The Charlie Hebdo type of cartoons is the result of a hands-off approach by the State, Law and Home Affairs Minister K Shanmugam said.
“What has happened in France has restarted the debate on what freedom of expression means, how much you can say, and what is the boundary between free expression and your obligation not to offend someone’s religion,” the minister said.
Unlike France, the Singapore Government takes a hands-on approach to free speech and religious freedom. “Because if we take a hands-off approach, then people will say since the Government won’t do something, I will do something, and people are going to be upset with each other,” said Mr Shanmugam.
Mr Shanmugam was speaking at the 16th Religious Rehabilitation Group Seminar.
Here’s an excerpt from his speech on Singapore’s approach:
Every now and then, we get debates in Singapore – why is the Government not allowing free speech, why is the Government so protective or so defensive when it comes to race and religion?
This is why we are defensive when it comes to race and religion. Because if we take a hands-off approach, then people will say since the Government won’t do something, I will do something, and people are going to be upset with each other. The national harmony will be affected, and the majority of people will be affected. Some groups will be saying yes, free speech, it’s ok, I don’t get offended, you can say what you like about the Prophet, the Pope, or God. But many other people would feel offended. So that is why we take a different approach.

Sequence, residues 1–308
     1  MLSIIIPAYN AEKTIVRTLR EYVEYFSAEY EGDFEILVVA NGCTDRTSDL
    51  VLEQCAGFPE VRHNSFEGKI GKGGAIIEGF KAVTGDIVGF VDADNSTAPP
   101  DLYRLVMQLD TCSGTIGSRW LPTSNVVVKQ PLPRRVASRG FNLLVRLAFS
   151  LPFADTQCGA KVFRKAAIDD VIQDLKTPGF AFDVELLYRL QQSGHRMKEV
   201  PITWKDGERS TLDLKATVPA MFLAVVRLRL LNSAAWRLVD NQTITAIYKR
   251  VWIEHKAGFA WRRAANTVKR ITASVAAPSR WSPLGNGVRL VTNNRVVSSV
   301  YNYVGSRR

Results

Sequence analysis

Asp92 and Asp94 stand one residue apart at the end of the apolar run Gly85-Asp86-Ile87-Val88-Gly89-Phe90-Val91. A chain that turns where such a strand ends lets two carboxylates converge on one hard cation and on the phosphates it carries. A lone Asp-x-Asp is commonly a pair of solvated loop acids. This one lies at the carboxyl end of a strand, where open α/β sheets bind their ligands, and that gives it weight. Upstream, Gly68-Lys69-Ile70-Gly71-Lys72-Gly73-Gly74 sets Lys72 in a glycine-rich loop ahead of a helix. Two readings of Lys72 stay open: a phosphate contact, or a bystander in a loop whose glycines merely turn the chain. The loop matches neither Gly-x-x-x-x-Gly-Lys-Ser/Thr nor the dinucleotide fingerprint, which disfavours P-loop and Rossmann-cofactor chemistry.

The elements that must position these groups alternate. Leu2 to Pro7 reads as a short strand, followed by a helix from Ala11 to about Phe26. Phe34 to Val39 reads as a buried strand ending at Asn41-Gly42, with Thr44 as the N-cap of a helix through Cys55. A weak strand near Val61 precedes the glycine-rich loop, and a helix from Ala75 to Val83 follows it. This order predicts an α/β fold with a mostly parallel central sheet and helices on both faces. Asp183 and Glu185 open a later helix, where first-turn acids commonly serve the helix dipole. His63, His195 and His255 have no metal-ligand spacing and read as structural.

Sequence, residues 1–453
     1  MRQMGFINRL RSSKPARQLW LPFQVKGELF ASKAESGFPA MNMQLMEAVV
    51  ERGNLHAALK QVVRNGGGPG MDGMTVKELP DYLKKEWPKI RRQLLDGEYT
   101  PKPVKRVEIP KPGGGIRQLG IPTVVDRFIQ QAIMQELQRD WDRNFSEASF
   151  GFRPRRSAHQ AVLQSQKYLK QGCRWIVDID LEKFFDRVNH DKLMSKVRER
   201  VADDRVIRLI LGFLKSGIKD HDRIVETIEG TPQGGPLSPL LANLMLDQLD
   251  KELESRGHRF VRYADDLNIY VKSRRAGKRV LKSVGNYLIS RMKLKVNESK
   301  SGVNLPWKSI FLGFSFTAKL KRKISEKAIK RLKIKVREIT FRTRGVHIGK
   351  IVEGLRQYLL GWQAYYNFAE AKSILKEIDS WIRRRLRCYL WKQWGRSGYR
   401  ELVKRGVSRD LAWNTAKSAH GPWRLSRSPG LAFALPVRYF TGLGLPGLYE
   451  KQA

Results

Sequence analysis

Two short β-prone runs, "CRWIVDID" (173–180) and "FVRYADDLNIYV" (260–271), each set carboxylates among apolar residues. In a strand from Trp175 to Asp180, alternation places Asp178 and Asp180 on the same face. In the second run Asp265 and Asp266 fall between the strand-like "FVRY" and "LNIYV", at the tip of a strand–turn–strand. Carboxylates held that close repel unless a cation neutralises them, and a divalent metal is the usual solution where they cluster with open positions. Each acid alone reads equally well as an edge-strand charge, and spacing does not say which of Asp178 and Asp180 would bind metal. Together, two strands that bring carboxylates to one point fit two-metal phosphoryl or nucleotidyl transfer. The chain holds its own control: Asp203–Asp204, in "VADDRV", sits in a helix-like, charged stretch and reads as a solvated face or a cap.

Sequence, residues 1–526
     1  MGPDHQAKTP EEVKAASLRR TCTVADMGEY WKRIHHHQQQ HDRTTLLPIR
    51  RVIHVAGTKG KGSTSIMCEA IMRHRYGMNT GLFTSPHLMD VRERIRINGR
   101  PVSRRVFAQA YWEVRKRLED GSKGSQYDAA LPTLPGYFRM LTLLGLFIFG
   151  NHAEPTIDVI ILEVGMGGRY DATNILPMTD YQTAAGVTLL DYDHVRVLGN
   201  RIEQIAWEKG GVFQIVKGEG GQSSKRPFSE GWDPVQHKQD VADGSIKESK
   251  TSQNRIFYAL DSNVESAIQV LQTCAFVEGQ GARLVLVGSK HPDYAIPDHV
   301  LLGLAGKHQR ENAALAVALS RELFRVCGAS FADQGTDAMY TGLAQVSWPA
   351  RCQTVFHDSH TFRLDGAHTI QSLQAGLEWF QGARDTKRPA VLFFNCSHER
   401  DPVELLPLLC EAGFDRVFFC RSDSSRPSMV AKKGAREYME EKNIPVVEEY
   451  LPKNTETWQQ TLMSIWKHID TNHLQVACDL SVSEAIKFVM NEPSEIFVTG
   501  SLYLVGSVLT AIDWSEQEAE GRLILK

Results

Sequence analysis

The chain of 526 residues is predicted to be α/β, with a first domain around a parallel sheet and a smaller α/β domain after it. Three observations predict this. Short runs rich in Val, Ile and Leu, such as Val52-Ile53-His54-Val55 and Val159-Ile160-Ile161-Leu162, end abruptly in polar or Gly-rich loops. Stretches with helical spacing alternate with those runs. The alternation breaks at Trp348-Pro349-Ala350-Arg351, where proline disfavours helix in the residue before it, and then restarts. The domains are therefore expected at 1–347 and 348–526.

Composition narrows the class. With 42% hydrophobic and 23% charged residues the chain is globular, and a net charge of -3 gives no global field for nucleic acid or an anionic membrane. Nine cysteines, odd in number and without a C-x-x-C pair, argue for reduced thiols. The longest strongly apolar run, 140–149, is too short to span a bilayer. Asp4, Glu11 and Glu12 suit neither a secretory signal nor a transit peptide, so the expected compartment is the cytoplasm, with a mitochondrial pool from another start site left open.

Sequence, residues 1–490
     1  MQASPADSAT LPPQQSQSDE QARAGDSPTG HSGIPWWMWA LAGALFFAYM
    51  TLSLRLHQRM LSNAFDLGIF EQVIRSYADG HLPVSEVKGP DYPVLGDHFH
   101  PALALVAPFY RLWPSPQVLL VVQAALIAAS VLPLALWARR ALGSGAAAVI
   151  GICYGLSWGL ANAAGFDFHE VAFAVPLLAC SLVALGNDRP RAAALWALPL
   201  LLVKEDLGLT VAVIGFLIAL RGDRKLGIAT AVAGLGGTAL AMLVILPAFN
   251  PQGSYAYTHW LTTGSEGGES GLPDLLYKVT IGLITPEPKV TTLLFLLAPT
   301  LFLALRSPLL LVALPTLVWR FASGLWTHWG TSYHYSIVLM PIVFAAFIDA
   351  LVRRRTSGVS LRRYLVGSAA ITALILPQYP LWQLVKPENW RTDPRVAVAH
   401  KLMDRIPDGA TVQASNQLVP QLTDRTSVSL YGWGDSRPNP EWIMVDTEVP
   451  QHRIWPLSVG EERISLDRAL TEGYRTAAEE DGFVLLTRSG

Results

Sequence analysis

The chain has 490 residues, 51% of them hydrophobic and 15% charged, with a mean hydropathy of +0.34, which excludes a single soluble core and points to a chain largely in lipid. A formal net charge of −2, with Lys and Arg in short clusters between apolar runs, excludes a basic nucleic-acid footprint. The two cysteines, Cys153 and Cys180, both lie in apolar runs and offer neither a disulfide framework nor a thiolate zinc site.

We take a secular approach, so, when the Government looks at policies, we are secular. We don’t favour any particular religion, and we guarantee freedom of religion.
We are secular, France is secular; we guarantee freedom of religion, France guarantees freedom of religion. But how we achieve it, is different. France says that they prefer to achieve it by taking a hands-off approach; we are interventionist, we intervene.
Because we take the position, that the right to speak freely goes with the duty to act responsibly, the two must go together.
And, as a secular Government, we are neutral in the treatment of all religions.
We also do not allow any religion to be attacked or insulted by anybody else, whether majority or minority. Same rules.
We guarantee freedom of religion, the right of every person to practice his or her religious beliefs, and we protect everyone, majority or minority, from any threats, hate speech or violence.
That is the assurance one gets in Singapore. It is also what we need to do to make sure that we preserve racial and religious harmony in Singapore.
Therefore, the Charlie Hebdo types of cartoons will not be allowed in Singapore, whether they are about Catholicism or Protestants or Islam or Hindus. Free speech for us stops at the boundary of giving offence to religion. There is a fence, and that fence protects religious sensitivities. The Charlie Hebdo cartoonists, if they were here, they would have been told to stop. If they didn’t stop, ISD would visit them, and they would have been arrested.
We believe that we can build a multi-religious, multi-racial society, based on trust, and only by taking a firm stance against hate speech, and dealing with all communities equally and fairly.
We have laws designed to ensure racial and religious harmony in Singapore. We update them regularly to make sure that they are relevant and effective as times change